Central "through" crack with a concentrated load

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In summary, the conversation discusses a problem with a central through crack and a concentrated load. The speaker shares their knowledge of elliptical cracks and their use in calculating stress concentration factors. They also mention that this type of problem is commonly found in textbooks of Fracture Mechanics and provide examples of where it may occur, such as in cracks around rivet holes in airplanes. The conversation ends with the speaker providing additional resources for further reading on the topic.
  • #1
kajalschopra
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Hi, Please consider the problem below of a central through crack with a concentrated load as shown below.

Can someone please help where does one come across such a problem in a practical world?

How will I have a concentrated load opening the crack? In the physical world, what is that "concentrated load"?

Regards
Kajal
conc_load.gif
 

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  • #2
I have never heard of an elliptical crack with a concentrated load. The usual case of an elliptical crack is as shown below:
upload_2018-9-7_17-37-11.png


The figure is from Advanced Strength of Materials, by J.P. Den Hartog. Elliptical cracks have a simple analytical solution that is valid for any ratio of b/a. They are used to calculate theoretical stress concentration factors for holes ranging from round all the way to sharp cracks. The general topic is Theory of Elasticity.
 

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  • #3
The problem is in every textbook of Fracture Mechanics. Can someone please help - in what practical scenarios does one come across such a problem, it is mentioned ina text that the scenario occurs in cracks in rivet holes, however, I cannot understand how.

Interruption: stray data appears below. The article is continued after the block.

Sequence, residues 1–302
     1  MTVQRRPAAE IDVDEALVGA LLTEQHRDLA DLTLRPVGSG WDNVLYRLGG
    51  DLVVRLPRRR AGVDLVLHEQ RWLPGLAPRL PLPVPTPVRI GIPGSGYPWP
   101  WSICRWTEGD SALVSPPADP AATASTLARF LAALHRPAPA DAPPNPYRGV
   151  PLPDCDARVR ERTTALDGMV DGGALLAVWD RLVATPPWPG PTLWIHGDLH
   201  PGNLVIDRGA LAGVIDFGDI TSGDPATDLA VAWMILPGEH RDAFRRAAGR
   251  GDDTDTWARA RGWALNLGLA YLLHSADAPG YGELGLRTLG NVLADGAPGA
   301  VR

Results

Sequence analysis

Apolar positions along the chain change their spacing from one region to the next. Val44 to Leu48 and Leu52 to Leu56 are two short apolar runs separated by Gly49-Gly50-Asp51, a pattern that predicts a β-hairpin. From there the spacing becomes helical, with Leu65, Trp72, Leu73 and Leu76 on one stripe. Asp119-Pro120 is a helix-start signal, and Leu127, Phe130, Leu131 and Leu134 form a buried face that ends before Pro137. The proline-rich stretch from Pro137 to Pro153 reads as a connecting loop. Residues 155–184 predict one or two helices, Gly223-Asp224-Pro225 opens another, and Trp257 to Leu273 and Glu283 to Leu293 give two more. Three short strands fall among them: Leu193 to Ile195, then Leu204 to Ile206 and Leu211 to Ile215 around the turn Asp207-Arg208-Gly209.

• #4
I cannot think of a practical scenario involving a concentrated load in a crack. It certainly does not apply to riveted joints because rivets are ductile, as is the material being riveted. Standard analysis methods for riveted connections assume ductility, so are not based on calculated stress concentration factors.
 
  • #5

1. What is a "Central" through crack with a concentrated load?

A "Central" through crack with a concentrated load is a type of structural crack that occurs when a concentrated force is applied to the center of a material, causing it to fracture along its entire width.

2. What causes a "Central" through crack with a concentrated load?

A "Central" through crack with a concentrated load is typically caused by a sudden impact or overload on a material, such as a heavy object being dropped on a surface or excessive pressure being applied to a single point on a structure.

3. How is a "Central" through crack with a concentrated load different from other types of cracks?

Unlike other types of cracks that may occur due to fatigue or corrosion, a "Central" through crack with a concentrated load is a result of a single, concentrated force being applied to a material. This type of crack is also more likely to occur in brittle materials such as ceramics and glass.

4. What are the potential consequences of a "Central" through crack with a concentrated load?

A "Central" through crack with a concentrated load can significantly weaken a material and compromise its structural integrity. This can lead to catastrophic failures, especially in critical structures such as bridges and buildings.

5. How can "Central" through cracks with a concentrated load be prevented?

To prevent a "Central" through crack with a concentrated load, it is important to use materials with appropriate strength and durability for the intended application. Regular inspections and maintenance can also help identify and address potential cracks before they become a safety hazard.

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